Three decades before Valentina Tereshkova, the first woman cosmonaut in history, flew to the stars on board the rocket Vostok 6, Archipenko created his sculpture ‘Torso in Space’ (1935-1936) – a streamlined abstract shape freeing the female form from conventional treatment into free suspension in light and space. 

Alexander Archipenko (1887-1964), ‘Torso in Space’, 1935-1936 (cast posthumously by Sheidow, USA, in 1968, under the supervision of the Artist’s Estate) ©2020 Estate of Alexander Archipenko/ Artists Rights Society (ARS), New York. Courtesy of Stephenson.art, London

The Stephenson.art Frieze Masters Spotlight will focus on Archipenko’s (1887-1964) sculpture ‘Torso in Space’ and explore the artist’s lifelong endeavour to take a classical representation of the female figure beyond the limits of realism. The exhibition will draw upon the rich archives of the Archipenko Foundation and present works spanning five decades, many of which have rarely, if ever, been seen before in the public domain. 

Alexander Archipenko (1887-1964), ‘Floating Figure’, 1935, inscribed ‘Archipenko’, silver-plated terracotta, Height 13 in. (32.2 cm), Executed in 1935, ©2020 Estate of Alexander Archipenko/ Artists Rights Society (ARS), New York. Courtesy of Stephenson.art, London

From 1909 to 1921 Archipenko lived in Paris where he pioneered landmark experiments in sculptural form and space alongside Picasso, Braque and Brancusi. It was during this time that he began to experiment with the theme of woman in space. When Katherine Dreier (1877-1952) and Marcel Duchamp (1887-1968) gave the artist his first American solo exhibition at the Société Anonyme in New York in 1921, Archipenko had become renowned as a Cubist sculptor, although he resisted being defined to a specific movement. Soon after he and his wife Angelika (Gela) Forster (1893-1957) emigrated to New York where they embarked on a period of intense activity; opening art schools in New York and Los Angeles, lecturing on creativity, teaching at the New Bauhaus Chicago and experimenting with unconventional materials like plexiglas and aluminium. The theme of woman in space continued to occupy Archipenko throughout these years in America, a period less known to a wider audience.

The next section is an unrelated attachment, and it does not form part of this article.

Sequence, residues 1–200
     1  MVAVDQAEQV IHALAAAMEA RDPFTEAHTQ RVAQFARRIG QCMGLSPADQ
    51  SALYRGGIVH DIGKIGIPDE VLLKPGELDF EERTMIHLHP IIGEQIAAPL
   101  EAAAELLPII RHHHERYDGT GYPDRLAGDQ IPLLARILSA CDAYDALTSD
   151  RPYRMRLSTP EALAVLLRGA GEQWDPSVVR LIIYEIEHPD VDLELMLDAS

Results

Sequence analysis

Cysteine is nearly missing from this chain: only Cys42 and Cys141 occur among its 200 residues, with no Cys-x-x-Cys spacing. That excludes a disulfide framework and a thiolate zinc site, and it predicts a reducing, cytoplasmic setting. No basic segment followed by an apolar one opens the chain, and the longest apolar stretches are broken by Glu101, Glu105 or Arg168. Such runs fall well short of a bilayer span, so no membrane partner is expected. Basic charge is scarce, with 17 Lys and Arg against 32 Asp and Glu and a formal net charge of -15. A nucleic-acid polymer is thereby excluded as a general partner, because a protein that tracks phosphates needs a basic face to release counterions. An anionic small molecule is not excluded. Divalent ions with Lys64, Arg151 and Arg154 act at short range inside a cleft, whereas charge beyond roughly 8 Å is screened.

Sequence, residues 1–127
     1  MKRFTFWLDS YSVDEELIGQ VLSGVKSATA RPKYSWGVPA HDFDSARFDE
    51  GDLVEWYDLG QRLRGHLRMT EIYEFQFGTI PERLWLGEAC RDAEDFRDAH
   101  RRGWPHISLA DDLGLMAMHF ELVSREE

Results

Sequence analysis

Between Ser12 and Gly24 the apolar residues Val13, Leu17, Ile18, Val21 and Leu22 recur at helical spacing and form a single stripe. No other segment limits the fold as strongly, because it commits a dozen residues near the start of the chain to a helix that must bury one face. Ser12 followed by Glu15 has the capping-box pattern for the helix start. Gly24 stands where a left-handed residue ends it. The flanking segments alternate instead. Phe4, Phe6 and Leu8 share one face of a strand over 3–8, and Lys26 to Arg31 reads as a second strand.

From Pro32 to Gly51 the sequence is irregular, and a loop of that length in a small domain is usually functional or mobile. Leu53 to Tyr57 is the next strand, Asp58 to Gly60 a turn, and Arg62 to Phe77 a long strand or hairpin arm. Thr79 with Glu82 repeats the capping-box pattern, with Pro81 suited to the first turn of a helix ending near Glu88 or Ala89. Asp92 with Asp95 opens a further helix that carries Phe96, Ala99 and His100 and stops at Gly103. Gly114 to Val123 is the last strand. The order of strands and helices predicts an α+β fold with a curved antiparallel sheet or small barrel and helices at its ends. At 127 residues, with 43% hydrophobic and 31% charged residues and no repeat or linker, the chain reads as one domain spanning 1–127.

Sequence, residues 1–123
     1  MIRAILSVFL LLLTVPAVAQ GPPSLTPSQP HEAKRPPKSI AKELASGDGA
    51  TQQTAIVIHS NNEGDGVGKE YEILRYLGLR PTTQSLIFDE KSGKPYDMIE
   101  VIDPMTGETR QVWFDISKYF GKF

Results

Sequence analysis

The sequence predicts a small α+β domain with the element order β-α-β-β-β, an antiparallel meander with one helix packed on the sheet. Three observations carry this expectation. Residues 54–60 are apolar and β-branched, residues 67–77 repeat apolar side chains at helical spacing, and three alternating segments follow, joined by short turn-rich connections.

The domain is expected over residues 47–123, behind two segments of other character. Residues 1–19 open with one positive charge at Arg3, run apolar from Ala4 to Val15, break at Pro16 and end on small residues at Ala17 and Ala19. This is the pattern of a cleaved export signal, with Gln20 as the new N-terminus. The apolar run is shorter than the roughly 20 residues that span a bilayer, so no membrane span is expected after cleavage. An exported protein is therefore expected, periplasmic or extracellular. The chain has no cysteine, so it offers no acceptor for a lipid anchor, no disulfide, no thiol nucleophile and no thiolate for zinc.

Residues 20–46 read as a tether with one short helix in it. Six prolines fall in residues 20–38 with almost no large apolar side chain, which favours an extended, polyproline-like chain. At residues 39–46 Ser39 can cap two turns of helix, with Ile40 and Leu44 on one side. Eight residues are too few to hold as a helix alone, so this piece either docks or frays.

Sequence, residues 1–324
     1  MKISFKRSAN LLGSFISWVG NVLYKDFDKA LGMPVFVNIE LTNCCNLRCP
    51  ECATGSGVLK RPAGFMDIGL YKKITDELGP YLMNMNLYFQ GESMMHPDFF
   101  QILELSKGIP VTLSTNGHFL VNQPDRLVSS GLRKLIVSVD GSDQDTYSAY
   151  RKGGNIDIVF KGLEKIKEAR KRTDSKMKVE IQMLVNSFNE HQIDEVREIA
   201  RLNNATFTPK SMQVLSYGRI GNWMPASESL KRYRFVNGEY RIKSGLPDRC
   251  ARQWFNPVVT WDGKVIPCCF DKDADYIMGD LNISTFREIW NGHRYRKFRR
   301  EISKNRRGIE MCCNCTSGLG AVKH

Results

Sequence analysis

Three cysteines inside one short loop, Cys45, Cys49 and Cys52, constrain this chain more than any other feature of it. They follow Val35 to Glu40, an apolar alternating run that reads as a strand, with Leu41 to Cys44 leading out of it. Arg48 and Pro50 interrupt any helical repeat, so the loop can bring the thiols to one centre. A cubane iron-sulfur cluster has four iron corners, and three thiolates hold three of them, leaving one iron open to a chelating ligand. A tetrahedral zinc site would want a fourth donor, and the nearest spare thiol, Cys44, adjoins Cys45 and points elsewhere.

Alexander Archipenko (1887-1964), ‘Torso’ (Collage), 1954, inscribed ‘Archipenko’, wood, copper, aluminium, 18 x 28 in. (including frame) (45.7 x 71.1 cm including frame), Executed in 1954 ©2020 Estate of Alexander Archipenko/ Artists Rights Society (ARS), New York. Courtesy of Stephenson.art, London

A highlight of this period and the Stephenson.art Spotlight, is Archipenko’s ‘Torso in Space’ 1935-1936. The Whitney Museum of American Art acquired a terracotta of ‘Torso in Space’ in 1958; Stephenson.art will spotlight the life size work in bronze alongside related sculpture, collage, works on paper and lithography – exploring this subject in the artist’s oeuvre from 1909 to the end of his life. 

Alexander Archipenko (1887-1964) ‘White Brush on Black V’, circa, 1960 [not signed]. White ink on black paper, 16 x 26 in. (40.5 x 65.9 cm). Executed circa 1960 ©2020 Estate of Alexander Archipenko/ Artists Rights Society (ARS), New York. Courtesy of Stephenson.art, London

The Archipenko Spotlight is organized with the support of the Archipenko Foundation, which will lend a number of works to the presentation. This series of work is also represented in the collections of The Metropolitan Museum of Art, the Smithsonian Museum and the San Francisco Museum of Modern Art. 

This exclusive online exhibition is hosted by the Frieze Masters Viewing Room. Preview: 7-8 October (invitation only). Free general admission: 9-16 October. For VIP and general admission registration, please follow the link https://viewingroom.frieze.com